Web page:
Heather Has Two Mommies by Lesléa Newman, illustrated by Laura Cornell (ages 4–8)
Heather loves the number two. She has two of everything: two eyes, two ears, two dogs, and two mommies. But when Heather goes to school, she learns that not every family looks like hers—some families also have daddies. When the differences between families begins to become clear, Heather and her classmates use drawings to learn what each of their families look like and discover that moms, dads, step-parents, grandparents, siblings, aunts, and uncles make for all sorts of family types, each family special to the person drawing it. This book is great for establishing some counting skills and for starting a discussion of what your own child’s family and friend’s families look like.
Real Sisters Pretend by Megan Dowd Lambert, illustrated by Nicole Tadgell (ages 4+)
Real Sisters Pretend is the story of Mia and Tayja, two adopted sisters who enjoy playing pretend together. It is based on an overheard conversation by the author’s own daughters. When Mia recalls a woman asking if they are “real” sisters because they do not look alike, Tayja assures her that they don’t need to pretend to be real siblings—they already are. The story ends with a quiet revelation that the sisters have two mothers. Tayja’s assurance that adoption makes the girls real sisters opens up the opportunity for a wider conversation about how others may sometimes perceive a family versus how the family may perceive itself.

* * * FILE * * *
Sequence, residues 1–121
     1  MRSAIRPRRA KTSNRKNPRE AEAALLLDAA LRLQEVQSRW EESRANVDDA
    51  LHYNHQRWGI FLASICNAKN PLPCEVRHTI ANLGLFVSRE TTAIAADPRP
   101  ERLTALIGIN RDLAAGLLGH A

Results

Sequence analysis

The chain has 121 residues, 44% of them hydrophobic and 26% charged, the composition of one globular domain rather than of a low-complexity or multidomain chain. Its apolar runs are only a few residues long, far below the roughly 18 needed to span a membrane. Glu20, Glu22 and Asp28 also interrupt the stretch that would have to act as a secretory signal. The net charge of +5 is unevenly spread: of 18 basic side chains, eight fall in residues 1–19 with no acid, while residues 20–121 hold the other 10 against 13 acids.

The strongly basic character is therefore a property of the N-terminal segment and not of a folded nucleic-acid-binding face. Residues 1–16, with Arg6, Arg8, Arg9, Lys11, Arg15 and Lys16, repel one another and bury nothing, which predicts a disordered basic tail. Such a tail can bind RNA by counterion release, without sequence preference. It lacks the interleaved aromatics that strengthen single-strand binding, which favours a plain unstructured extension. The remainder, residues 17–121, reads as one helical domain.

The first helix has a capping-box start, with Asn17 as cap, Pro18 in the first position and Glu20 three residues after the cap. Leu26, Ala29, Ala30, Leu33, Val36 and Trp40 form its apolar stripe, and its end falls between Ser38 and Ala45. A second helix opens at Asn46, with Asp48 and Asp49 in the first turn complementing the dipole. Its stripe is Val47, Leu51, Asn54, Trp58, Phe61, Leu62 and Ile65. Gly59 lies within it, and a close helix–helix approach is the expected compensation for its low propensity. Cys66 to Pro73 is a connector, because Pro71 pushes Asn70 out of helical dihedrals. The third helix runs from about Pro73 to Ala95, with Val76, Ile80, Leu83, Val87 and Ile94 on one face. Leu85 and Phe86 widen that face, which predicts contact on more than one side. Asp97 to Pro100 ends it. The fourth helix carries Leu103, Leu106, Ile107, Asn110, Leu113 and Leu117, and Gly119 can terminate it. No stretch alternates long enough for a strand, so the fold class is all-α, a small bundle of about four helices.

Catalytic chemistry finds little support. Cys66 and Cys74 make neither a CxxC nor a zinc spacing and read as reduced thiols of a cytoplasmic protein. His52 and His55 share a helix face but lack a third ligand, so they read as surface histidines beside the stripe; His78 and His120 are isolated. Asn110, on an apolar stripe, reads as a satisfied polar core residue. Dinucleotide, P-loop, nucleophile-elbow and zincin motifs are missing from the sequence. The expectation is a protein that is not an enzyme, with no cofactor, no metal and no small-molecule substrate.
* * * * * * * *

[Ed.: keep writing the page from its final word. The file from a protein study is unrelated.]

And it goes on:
The Tea Dragon Society by Katie O’Neill (ages 7+)
This graphic novel by the author of Princess Princess Ever After opens with Greta, the daughter of a faun-looking blacksmith, as she learns about the history of her craft. Soon after, Greta discovers a hungry tea dragon, meets an enchanting young girl with a mysterious past, and learns how the dragons bring people together. Sweet and unassuming in both story and illustration, The Tea Dragon Society presents a pair of same sex-couples without comment or fanfare. Greta and Minette experience an innocent sort of child love. As the story progresses, Greta learns from the dragons and Minette about the importance of keeping memory alive through stories and symbols.
George by Alex Gino (ages 9+)
While teen literature is increasingly interested in identity, and the part gender plays in identity, it can be difficult to find good children’s literature featuring transgender characters. George offers a sympathetic insight into the struggles of a very young person who knows she has been assigned the wrong gender. George feels stuck in the masculine role that has been assumed for her and forced to keep her true identity a secret—until an opportunity to play the titular role in Charlotte’s Web arrives. Faced with a teacher who refuses to let boys even try out for the part of the spider, George and her best friend come up with a plan to embrace her identity where everyone can see.